But today? It is zero hassle these days to use photo reference. Provided you have the right hardware and a decent internet connection, the barrier for using photo reference these days is only limited by my imagination. The main reason, in my opinion, is because of mobile devices like the iPhone and iPad. Damn, it is so easy these days to get a hold of any photo reference. As a co-worker of mine used to say outright and outloud, “Google that shit!” I routinely gather photo reference these days, especially for heads and faces, from Google images. For human figure work, when I really need to, I use small, poseable manikins or an app on my iPad where I can pose a figure in literally any position I can come up with. It’s helped my art tremendously.

The big take away here is this: photo reference is just a means to an end. The end result is creating a credible image or drawing that looks as we intend it to look in the eyes of other people. If I were never to show my work to anyone, the point is moot. But guess what? If we’re posting our art online for others to enjoy or critique, we’re opening our work and ourselves up to the world. For better or worse, people are going to talk. The worst of it: no one cares, and they keep scrolling. But, if someone takes the time to actually crit your work, man, that is golden in this era of social media. Sometimes we get good feedback, sometimes bad feedback. And at times it kind of stings when someone says something negative about our work, right? Some take it better than others for sure.

I feel using photo reference enhances my art, improving my chances of successfully creating an image that most accurately conveys what I’m trying to express. Consider my most recent endeavor “The Realm Ethereal”. In this comic book series, I am using photo reference as I never have before. This frankly due to the fact that I am now working entirely digitally and primarily using my iPad Pro. This has worked wonders for my love of using photo reference. As an example of some of the handful of reference I’ve used in this series, check out the examples below.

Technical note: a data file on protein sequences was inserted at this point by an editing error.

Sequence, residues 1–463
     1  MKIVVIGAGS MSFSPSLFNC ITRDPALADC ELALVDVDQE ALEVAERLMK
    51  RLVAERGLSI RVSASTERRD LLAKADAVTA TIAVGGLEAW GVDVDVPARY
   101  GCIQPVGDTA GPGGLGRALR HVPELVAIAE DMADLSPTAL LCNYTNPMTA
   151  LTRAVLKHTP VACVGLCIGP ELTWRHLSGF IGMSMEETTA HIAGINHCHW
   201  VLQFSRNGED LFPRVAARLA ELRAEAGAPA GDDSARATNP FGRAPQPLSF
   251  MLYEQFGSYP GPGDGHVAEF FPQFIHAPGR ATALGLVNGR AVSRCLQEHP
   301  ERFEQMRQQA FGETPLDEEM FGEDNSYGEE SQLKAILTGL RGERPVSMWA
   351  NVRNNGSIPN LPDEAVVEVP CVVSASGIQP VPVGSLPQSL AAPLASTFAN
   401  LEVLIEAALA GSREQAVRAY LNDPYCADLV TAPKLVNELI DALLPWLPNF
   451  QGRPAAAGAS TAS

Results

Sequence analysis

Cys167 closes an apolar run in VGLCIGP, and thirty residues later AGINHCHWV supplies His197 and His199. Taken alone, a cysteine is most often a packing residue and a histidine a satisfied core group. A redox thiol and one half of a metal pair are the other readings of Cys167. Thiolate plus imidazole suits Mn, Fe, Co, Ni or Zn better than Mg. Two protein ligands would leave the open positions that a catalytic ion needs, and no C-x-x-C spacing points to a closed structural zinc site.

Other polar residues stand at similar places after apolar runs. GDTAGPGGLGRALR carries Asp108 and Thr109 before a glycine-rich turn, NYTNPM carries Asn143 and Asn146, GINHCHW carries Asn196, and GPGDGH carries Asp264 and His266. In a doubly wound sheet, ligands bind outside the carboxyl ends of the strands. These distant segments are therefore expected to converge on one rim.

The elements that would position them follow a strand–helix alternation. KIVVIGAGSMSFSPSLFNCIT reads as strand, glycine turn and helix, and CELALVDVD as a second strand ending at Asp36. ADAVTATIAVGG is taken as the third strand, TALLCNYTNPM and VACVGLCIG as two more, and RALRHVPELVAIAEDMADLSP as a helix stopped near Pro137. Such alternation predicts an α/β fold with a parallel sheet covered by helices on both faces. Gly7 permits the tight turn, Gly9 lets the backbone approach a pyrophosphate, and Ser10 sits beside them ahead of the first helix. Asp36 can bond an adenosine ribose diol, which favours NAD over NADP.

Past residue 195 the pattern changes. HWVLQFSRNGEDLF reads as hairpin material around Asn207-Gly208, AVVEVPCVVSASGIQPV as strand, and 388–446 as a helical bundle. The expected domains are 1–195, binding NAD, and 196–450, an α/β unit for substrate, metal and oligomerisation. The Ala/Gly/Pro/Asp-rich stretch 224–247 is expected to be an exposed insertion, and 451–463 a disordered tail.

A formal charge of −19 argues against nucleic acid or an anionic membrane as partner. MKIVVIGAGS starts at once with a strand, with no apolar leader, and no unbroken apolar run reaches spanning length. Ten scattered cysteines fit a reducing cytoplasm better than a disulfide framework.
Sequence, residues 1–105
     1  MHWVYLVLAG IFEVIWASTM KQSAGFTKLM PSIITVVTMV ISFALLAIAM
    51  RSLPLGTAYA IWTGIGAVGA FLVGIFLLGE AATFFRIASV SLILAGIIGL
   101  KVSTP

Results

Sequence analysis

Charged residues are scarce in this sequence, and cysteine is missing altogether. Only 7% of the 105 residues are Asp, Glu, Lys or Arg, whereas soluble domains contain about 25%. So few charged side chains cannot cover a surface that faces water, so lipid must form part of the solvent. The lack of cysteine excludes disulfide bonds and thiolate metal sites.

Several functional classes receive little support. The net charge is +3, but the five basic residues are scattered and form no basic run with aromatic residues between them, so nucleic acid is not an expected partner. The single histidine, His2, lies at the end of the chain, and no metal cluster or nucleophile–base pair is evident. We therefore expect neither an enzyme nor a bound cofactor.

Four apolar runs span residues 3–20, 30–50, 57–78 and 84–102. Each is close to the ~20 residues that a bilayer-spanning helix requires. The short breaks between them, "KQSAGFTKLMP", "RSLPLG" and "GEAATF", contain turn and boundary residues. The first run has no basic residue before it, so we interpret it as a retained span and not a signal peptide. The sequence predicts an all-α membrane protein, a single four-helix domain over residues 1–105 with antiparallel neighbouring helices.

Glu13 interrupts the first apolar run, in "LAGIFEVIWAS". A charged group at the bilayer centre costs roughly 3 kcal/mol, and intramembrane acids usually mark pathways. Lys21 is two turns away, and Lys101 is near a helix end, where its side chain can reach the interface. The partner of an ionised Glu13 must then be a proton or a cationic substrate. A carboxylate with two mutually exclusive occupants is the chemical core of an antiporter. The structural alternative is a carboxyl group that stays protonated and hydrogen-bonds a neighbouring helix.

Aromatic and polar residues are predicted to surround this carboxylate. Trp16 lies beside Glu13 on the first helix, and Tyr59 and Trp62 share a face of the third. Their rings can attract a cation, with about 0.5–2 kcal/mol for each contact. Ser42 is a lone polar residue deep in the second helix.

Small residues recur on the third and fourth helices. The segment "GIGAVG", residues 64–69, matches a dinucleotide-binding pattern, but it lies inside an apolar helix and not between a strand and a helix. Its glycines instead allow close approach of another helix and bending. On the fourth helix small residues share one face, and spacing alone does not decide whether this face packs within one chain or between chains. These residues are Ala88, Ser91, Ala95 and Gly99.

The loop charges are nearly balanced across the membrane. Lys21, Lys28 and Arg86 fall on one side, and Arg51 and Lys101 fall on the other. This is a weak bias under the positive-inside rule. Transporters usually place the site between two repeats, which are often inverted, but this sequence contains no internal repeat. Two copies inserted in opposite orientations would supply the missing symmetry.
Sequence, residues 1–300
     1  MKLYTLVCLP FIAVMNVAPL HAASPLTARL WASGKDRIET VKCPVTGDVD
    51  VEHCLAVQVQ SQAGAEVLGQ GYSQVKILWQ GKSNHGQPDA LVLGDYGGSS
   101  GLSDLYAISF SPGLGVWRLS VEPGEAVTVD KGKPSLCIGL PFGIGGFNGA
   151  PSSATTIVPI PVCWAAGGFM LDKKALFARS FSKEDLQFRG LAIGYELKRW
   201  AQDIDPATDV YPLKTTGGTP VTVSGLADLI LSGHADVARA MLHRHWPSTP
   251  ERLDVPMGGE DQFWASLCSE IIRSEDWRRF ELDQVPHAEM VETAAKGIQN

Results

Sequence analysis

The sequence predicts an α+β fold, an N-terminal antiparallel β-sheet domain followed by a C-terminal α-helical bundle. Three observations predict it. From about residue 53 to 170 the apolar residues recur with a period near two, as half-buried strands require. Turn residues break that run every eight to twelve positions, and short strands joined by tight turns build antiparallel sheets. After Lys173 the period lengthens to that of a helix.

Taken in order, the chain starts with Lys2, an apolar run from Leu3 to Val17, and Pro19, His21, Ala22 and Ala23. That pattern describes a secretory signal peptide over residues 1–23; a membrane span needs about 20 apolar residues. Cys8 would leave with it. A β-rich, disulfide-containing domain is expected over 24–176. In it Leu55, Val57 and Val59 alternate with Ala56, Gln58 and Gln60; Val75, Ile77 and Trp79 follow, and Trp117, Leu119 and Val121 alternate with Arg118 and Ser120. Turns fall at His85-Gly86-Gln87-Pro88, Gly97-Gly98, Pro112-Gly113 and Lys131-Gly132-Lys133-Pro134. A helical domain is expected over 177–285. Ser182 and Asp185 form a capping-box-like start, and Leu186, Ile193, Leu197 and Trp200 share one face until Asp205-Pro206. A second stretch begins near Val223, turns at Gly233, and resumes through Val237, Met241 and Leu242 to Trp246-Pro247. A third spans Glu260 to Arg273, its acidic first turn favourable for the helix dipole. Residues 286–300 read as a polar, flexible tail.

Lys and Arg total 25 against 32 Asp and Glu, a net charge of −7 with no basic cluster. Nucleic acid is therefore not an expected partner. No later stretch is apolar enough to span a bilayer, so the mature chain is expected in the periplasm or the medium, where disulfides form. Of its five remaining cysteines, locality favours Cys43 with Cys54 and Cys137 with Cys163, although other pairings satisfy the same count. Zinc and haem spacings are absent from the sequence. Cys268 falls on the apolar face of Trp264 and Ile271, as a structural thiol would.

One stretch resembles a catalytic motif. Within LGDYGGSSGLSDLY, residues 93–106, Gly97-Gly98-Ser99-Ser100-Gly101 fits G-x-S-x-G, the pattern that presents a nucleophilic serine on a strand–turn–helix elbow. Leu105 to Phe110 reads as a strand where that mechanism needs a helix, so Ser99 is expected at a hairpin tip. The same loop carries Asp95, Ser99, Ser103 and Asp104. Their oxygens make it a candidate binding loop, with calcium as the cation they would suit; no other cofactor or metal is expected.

Straight on view, head tilted up. This is always an easy one to blow if you don’t have reference.

Eyes half-closed, looks better when referenced

Eyes fully closed…much better with reference!

Profile shot with contrasting light and dark areas…don’t even try to make that stuff up, especially if it’s a woman and you still need for her to look dramatically lighted and still appear attractive.

This one is challenging enough to draw even with a photo reference. How often have I drawn this particular expression? Prior to his, I don’t think ever. Forget trying to make it up out of my head!

This particular expression could only have been successfully achieved using this photo reference. And even then, the drawing itself might still be a bit wonky. Imagine if I had no photo reference at all!

These three-quarter views from behind are also a gem. Don’t even think about pulling this one from out of your head. That ear in that position will mess with you every time unless you have photo reference!

Did you know there’s more to eyes than just eyeballs? How about the way eyelashes attach to the eyelids and their formations as they bend up and back and down and back? Eyelids? The shape of the eyebrows and the insertion and origin points of the eyebrows from the middle of the brow area of the head? No thanks, I’ll use photo reference when I want this to look TIGHT!

That squinty-eyed look. But remember, she still needs to look attractive. Best chances are by using…photo reference!!

Eyeballs looking up. Trickier than you think. Don’t rush this stuff. Reference!

That darned three-quarter view agin, PLUS looking down at an angle. Tough stuff here…drawing a mouth from that angle is like a booby-trap. Photo reference, baby!

So, while photo reference won’t make your work perfect (no one’s work is perfect, and certainly not my own), you have a better chance of success by using it. We can all look at the photo reference and agree on one thing: you’re doing your best and the reference will always be there as gauge to see how much we’re really putting in to our art. And remember, you get out what you put in. The rest is talent, so don’t even worry about it. Just keep drawing, and when you have a chance, get some photo reference. After all, there really is no excuse.